What inspired you to write Passion Killers?

I was inspired to write Passion Killers because my father worked in strip clubs; he was a comic. As a child, I used to sit backstage. I was fascinated by these ladies wearing absolutely nothing except bright red lipstick (I think that’s why I used bright red g-strings in the murders). I was intrigued by the bond they shared, and how they would stick together if a man hassled one of them. Personally, I enjoy women’s company. I love going out with my girlfriends for a fun night without our husbands. I still see all the girls I went to school with; I couldn’t live without their support in my life.  I wanted to write a book about that friendship and trust between women, and of course as murder is my subject - along with sex- a murder in a strip-club evolved. 

There’s no denying that Passion Killers has some pretty X-rated scenes in it – what are the challenges of writing sex scenes?

I think you either write violence and sex, or you don’t. I don’t have barriers and I don’t think, oh this is a sex scene, I just think this is what happens now, and this is how the character feels and out comes the sex and violence. I suppose I dig into my subconscious and go for it. That’s partly to do with my acting training too, which brings us onto your next question…

Both Behind You and and Passion Killers are set (at least partly) in the world of theatre and television. How does your experience as an actress influence your writing?

Personally, I believe everything we know and have done in our lives affects our writing. Certainly my experience as an actress has an enormous effect on my writing. I grew up in show-business. I have worked extensively in film and television and everyone says my books are very filmic. So I think that has to be the answer. As an actress, I love to exaggerate my imagination - and that spills over into my writing.

What is your routine when you’re writing? Take us through a typical day.

I have no typical day - except I panic a lot, and that happens every day. I spend hours sharpening pencils and tidying paper work and wondering if I’ll ever write another word; then I panic again and write like a lunatic. I’m like that as an actress too - I get sick with nerves before I have to go on stage, and wonder why I do it, and then after I come off stage I am so glad I did.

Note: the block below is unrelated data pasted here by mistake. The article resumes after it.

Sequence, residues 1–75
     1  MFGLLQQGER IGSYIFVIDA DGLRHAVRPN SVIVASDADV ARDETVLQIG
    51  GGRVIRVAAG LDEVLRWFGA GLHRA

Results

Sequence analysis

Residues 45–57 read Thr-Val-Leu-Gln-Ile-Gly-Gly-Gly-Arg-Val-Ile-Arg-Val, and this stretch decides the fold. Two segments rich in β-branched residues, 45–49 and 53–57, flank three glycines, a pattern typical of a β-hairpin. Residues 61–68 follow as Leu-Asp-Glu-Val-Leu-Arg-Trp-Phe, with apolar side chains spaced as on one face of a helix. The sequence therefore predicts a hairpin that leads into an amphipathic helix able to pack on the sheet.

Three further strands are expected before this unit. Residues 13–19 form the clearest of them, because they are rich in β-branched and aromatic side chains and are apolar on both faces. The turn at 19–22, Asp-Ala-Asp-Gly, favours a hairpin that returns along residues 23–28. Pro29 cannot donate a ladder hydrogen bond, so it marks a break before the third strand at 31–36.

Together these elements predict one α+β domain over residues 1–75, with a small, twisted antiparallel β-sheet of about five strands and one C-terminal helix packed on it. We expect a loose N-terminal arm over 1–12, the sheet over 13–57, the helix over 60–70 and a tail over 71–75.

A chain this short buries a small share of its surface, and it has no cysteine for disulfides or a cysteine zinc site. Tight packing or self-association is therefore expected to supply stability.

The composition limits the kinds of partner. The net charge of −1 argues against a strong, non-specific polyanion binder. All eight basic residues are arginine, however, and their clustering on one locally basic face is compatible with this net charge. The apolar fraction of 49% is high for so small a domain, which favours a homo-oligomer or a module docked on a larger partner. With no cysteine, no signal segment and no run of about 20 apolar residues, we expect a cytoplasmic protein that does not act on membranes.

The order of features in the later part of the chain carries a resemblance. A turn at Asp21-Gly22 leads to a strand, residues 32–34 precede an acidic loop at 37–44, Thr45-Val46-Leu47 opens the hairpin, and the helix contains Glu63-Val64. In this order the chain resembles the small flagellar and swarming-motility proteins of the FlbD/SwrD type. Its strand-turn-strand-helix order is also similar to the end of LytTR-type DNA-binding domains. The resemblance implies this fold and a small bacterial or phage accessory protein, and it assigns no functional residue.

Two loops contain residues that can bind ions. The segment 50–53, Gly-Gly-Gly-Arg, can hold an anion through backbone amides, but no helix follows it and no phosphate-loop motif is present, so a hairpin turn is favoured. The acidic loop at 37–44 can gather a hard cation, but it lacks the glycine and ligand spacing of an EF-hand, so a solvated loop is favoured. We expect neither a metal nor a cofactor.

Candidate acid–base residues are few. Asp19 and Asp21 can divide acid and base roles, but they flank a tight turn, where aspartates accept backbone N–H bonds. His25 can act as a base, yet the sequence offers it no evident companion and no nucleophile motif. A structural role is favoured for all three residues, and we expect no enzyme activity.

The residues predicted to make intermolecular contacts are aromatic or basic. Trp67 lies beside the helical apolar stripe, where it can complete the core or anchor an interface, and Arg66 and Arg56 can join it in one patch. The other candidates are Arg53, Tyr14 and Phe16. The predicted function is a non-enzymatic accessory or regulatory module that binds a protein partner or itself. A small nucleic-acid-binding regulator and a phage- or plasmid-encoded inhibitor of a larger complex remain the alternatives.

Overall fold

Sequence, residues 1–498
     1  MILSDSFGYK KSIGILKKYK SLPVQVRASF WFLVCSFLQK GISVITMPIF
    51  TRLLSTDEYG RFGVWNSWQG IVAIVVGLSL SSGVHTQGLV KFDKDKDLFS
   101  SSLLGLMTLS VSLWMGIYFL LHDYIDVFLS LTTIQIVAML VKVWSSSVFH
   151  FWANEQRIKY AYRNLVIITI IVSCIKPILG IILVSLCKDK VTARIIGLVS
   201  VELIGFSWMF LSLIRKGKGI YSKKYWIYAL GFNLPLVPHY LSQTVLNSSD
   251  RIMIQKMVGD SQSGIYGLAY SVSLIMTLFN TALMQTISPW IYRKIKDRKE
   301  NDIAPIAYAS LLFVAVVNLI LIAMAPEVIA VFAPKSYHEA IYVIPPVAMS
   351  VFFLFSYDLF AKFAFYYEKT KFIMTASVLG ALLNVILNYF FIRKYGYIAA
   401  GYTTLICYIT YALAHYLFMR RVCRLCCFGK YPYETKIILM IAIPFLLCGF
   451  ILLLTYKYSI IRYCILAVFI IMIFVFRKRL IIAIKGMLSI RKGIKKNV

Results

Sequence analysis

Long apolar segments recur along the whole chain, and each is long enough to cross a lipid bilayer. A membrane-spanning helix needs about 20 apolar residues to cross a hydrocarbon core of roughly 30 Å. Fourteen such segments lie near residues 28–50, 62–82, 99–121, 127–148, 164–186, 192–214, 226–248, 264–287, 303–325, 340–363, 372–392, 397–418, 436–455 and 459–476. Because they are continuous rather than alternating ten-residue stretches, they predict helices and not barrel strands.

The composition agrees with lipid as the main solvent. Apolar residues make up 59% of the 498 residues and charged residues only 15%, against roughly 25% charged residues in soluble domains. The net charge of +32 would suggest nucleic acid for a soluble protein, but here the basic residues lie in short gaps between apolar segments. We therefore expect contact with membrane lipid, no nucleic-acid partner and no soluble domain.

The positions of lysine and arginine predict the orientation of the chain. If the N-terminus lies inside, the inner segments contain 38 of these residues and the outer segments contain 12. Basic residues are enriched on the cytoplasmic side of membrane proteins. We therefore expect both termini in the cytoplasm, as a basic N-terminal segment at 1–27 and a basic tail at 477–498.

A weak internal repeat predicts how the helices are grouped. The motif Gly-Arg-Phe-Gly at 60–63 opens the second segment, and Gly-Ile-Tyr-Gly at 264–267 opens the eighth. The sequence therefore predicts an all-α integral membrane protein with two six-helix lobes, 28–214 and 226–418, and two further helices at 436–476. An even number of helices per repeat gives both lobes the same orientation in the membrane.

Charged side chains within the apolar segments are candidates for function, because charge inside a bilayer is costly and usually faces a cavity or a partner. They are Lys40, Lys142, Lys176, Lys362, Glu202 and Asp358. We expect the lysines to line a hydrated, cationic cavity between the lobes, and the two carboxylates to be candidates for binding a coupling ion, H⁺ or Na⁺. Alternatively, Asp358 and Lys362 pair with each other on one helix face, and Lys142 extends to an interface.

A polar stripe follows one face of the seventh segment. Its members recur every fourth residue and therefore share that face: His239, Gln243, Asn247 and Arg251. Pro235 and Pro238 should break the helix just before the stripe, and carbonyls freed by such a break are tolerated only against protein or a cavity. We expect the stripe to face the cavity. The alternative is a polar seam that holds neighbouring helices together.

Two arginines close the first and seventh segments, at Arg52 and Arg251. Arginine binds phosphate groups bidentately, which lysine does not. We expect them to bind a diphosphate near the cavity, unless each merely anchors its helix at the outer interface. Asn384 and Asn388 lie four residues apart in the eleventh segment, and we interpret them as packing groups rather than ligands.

“Behind You” and “Passion Killers” have already been published in eBook format, and “Dead Like Her” is coming out next month. What do you think of the digital revolution in publishing?

I think the digital revolution is great. We can take more books on holidays, and train journeys because of it, and leave more room in our case for shoes!

What advice do you have for someone who wants to try their hand at writing crime fiction?

If you want to write crime fiction, then my advice is to write. Just go for it. Everyone starts somewhere, so don’t let anyone put you off, just write.

Is there anything that your readers would be surprised to know about you?

I’m sure there are loads of things my readers would be surprised to know about me. I think the most interesting bit, as a crime writer is…..I am totally terrified of the dark! I guess that’s why I write crime. I write about everything that I am afraid of - then I feel it has been exorcised, until the dark creeps in the next day…….and then I have to start writing about what I’m afraid of again!

What are you working on now?

I am working on a new book. I have one called Brotherhood of Blades out next. That one is set on a high rise estate where a young boy wants to leave the world of gang-crime behind him and become a street-dancer…but he witnesses a murder and finds he has to make major choices, and a lot is at stake… including the life of the only person who has ever really loved him. And then I am working on the sequel to that, which will be out in 2012.

"Passion Killers" by Linda Regan was published in eBook format on June 30th.